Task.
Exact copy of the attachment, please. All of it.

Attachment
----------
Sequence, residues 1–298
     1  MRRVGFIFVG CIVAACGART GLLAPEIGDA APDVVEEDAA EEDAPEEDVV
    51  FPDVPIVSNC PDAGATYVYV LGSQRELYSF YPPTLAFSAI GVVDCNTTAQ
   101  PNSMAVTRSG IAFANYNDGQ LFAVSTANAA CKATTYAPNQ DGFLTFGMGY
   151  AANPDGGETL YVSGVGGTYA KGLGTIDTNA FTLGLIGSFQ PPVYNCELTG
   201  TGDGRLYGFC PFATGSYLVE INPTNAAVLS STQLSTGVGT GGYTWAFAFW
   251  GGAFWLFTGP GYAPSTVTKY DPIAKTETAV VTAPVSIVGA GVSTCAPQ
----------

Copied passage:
Sequence, residues 1–298
     1  MRRVGFIFVG CIVAACGART GLLAPEIGDA APDVVEEDAA EEDAPEEDVV
    51  FPDVPIVSNC PDAGATYVYV LGSQRELYSF YPPTLAFSAI GVVDCNTTAQ
   101  PNSMAVTRSG IAFANYNDGQ LFAVSTANAA CKATTYAPNQ DGFLTFGMGY
   151  AANPDGGETL YVSGVGGTYA KGLGTIDTNA FTLGLIGSFQ PPVYNCELTG
   201  TGDGRLYGFC PFATGSYLVE INPTNAAVLS STQLSTGVGT GGYTWAFAFW
   251  GGAFWLFTGP GYAPSTVTKY DPIAKTETAV VTAPVSIVGA GVSTCAPQ